Christian group creates legal fund for objectors to marriage equality

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Christian groups have established a legal fund to help objectors to marriage equality fight potential law suits should they break anti-discrimination laws in the future.

Butchers, bakers, candlestick makers, limousine drivers, florists, wedding invitation calligraphy writers and other professionals who choose to deny service to same sex couples will be able to call on the new fund to help pay their legal bills if they fall on the wrong side of the law.

The fund has been set up by the Australian Christian Lobby is called the The Human Rights Law Alliance and it’s remarkably similar to a similar program in the USA called the Alliance Defending Freedom.

The new fund is managed by Martin Iles the former chief of staff of the Australian Christian Lobby. Iles told The Sydney Morning Herald  that there was great concern that if marriage equality is achieved in Australia many businesses would need financial assistance if they wanted to exercise their personal beliefs.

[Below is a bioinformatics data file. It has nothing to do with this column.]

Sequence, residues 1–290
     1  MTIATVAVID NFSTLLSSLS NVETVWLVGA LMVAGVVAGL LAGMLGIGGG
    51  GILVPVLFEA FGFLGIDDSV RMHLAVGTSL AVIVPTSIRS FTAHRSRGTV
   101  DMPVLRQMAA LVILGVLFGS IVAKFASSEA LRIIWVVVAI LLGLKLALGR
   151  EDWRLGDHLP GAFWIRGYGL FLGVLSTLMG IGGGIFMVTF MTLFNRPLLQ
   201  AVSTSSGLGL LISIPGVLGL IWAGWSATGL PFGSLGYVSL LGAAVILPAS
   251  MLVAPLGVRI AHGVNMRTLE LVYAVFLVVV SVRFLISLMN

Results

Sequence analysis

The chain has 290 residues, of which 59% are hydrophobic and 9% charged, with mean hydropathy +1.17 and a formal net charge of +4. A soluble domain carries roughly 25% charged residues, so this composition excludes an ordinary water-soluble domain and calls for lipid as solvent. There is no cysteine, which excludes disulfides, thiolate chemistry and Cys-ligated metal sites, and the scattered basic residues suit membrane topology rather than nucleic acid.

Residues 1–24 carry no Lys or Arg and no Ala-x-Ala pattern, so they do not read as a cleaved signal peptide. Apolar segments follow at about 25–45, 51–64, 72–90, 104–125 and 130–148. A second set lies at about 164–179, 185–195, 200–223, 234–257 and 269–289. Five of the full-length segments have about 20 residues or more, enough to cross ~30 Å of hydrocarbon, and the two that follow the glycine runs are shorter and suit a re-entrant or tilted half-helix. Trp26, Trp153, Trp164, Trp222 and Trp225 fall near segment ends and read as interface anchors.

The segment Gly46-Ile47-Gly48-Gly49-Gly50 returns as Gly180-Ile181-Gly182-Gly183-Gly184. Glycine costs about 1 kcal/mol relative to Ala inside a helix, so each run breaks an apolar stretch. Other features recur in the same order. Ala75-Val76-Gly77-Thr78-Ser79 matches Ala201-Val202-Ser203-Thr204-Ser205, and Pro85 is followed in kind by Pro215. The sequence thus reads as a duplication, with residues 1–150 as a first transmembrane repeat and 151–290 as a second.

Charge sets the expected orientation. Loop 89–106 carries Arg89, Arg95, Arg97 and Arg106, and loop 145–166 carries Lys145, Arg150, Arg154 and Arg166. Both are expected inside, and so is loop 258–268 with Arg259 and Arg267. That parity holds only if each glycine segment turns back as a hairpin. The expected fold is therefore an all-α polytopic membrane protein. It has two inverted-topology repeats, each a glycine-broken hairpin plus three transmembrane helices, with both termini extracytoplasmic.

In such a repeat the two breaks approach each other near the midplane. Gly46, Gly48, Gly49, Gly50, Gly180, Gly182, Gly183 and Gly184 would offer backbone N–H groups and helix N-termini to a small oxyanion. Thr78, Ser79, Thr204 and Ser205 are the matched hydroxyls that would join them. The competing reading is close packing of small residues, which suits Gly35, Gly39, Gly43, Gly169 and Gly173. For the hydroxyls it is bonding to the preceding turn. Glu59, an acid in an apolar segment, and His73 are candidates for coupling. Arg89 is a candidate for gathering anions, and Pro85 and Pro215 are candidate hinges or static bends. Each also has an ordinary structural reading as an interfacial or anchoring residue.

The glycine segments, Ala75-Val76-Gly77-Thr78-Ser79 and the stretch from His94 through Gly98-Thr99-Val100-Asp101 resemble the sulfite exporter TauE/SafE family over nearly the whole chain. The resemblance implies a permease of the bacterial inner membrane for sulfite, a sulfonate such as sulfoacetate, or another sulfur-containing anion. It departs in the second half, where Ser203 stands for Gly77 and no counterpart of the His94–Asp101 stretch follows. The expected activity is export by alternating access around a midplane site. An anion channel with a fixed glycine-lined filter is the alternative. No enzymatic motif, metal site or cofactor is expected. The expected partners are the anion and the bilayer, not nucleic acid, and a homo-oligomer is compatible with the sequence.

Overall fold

The Canberra based lawyer said conscientious objection was different to prejudice.

“If there’s a sign in the window that says ‘no gays’, they’re on their own,” Iles said.

The Australian Christian Lobby has previously called for anti-discrimination laws to be suspended during any plebiscite campaign over the issue of same sex marriage and has argued that any legislation that permits marriage equality must also include wide ranging provisions for those who do not believe in the concept.

The organisation is currently a department within the Australian Christian Lobby but the plan is to register it as a stand alone charity in the future.

Overseas there has been several high profile cases where businesses have refused to serve gay couples wanting to get married, these have included florists, cake decorators and venues.

The fund will not only assist those opposed to marriage equality. One of the first cases the new body has taken on is assisting Kathy Clubb, a mother of 13 who was arrested for approaching women near an abortion clinic in Melbourne. Victorian law prohibits protesters against abortion from being within 150 metres of a clinic offering abortion services.

The ACL has said cases involving the controversial racism law section 18C will also benefit from the new fund.

OIP Staff

 

 

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